Since early 2007 the Diocese has comprised three archdeaconries:

  1. Belfast
  2. Connor
  3. Dalriada

and ten rural deaneries (some of them far from rural):

  1. North Belfast
  2. Mid Belfast
  3. South Belfast
  4. Antrim
  5. Ballymena
  6. Carey (centred on Ballycastle)
  7. Carrickfergus
  8. Coleraine
  9. Derryaghy
  10. Lisburn


Christ Church Cathedral, Lisburn
St Anne's Cathedral, Belfast

The Diocese has two cathedrals:

Style and ethos

In common with much of the Church of Ireland, most parishes in the Diocese are very moderately Low Church in ethos or part of the central liturgical tradition. However, there are a small but growing number of distinctly Evangelical Anglican parishes in the Diocese, while a small number of parishes in Belfast could be described as High Church, in the case of St George's in Belfast City Centre even Anglo-Catholic.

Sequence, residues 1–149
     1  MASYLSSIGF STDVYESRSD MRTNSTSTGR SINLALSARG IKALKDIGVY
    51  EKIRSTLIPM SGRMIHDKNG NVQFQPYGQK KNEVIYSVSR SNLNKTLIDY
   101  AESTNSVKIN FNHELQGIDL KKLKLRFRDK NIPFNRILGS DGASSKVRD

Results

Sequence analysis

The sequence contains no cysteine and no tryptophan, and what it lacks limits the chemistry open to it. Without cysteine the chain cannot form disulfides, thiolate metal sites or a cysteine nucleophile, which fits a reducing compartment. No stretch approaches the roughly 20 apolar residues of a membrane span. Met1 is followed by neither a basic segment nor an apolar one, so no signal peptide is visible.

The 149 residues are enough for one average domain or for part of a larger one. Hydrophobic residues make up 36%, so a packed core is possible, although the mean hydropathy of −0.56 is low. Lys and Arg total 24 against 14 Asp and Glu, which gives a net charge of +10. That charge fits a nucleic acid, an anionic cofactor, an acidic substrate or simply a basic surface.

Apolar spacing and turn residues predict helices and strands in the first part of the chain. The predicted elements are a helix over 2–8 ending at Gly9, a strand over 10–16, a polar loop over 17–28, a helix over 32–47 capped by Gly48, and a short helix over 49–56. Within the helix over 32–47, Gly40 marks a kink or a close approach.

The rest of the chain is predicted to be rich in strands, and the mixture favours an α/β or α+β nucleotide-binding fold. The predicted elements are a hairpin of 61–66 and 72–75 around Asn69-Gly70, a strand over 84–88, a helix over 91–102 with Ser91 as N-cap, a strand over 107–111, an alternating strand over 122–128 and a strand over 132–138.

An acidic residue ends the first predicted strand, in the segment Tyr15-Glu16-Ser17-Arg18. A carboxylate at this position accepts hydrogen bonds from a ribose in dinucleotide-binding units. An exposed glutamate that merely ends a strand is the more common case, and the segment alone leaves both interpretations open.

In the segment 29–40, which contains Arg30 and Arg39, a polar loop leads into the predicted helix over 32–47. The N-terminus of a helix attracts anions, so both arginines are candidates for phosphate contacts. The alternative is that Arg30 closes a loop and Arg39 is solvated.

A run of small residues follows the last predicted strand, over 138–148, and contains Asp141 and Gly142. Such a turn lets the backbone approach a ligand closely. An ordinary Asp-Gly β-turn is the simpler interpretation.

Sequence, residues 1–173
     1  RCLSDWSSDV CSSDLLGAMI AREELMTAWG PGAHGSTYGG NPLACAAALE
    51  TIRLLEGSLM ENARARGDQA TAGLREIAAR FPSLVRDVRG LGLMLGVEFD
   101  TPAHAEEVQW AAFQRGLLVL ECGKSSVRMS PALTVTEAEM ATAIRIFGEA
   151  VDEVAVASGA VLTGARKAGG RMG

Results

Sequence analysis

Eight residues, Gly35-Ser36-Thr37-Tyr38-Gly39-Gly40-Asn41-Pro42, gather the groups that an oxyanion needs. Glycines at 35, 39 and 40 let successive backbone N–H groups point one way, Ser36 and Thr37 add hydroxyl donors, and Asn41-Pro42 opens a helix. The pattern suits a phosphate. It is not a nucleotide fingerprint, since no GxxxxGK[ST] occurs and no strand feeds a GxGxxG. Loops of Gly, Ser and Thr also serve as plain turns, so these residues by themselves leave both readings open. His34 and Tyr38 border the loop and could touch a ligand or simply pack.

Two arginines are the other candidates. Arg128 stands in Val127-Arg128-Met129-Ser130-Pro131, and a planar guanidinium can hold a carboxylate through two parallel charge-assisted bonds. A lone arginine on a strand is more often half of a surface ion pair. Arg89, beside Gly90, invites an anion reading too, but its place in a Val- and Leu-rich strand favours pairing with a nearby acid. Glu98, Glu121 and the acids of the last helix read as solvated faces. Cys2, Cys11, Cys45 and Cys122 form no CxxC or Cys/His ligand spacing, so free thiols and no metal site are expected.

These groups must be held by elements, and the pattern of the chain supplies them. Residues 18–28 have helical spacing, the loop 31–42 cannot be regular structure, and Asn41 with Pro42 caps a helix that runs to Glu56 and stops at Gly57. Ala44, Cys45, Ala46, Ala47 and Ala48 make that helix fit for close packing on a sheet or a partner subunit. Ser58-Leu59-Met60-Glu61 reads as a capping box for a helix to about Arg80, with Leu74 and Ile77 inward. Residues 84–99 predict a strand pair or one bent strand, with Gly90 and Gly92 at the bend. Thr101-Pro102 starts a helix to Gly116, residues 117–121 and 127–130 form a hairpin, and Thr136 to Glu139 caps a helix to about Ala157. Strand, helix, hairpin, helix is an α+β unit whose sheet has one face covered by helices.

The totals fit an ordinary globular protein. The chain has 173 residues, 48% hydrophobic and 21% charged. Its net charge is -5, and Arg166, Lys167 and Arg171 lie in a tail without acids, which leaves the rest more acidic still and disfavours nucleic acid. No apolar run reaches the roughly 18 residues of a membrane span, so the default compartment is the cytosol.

Pre-Reformation bishops

Pre-Reformation Bishops of Connor
From Until Incumbent Notes
unknown 1117 Flann Ua Sculu Died in office.
1117 1124 See vacant
1124 c. 1136/37 Saint Malachy Irish: Máel Máedóc Ua Morgair; Saint Malachias; also Bishop of Down from 1124 and Archbishop of Armagh from 1132; resigned Armagh and Connor, but retained Down until his death on 2 November 1148.
1137/38 bef. 1152 See vacant
bef. 1152 bef. 1172 Máel Pátraic Ua Bánáin Present at the Synod of Kells in March 1152; resigned; died 1174.
bef. 1172 bef. 1178 Nehemias Died in office.
c.1178 1225 Reginaldus Died after 19 April 1225.
1226 1241 Eustacius Eustace; previously Archdeacon of Connor; elected bishop in 1226 and received possession of the temporalities 5 May 1226; died before October 1241.